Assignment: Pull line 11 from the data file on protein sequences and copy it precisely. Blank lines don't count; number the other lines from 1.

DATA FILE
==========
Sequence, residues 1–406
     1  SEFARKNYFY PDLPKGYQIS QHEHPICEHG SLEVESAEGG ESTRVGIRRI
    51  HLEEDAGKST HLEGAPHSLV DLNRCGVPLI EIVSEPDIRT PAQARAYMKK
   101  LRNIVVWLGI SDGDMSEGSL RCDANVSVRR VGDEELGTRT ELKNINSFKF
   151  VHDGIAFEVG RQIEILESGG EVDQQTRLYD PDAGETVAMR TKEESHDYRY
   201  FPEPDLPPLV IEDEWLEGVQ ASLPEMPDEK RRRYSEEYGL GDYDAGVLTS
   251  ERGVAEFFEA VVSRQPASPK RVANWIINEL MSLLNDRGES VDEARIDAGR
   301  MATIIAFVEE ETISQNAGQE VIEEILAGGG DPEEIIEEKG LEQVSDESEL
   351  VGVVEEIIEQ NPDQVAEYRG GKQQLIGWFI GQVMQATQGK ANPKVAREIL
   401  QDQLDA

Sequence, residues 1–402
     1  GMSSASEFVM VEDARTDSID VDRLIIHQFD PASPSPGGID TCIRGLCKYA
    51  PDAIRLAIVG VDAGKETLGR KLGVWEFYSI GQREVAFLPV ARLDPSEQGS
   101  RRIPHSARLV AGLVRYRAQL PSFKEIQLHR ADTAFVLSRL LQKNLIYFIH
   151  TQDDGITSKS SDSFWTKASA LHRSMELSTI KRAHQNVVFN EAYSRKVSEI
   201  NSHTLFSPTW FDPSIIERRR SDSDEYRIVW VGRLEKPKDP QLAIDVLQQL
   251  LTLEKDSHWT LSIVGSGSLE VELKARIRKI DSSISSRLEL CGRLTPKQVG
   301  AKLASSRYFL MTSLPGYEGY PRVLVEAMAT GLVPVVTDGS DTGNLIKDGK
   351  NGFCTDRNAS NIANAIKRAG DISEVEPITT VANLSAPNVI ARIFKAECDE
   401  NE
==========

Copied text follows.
Sequence, residues 1–402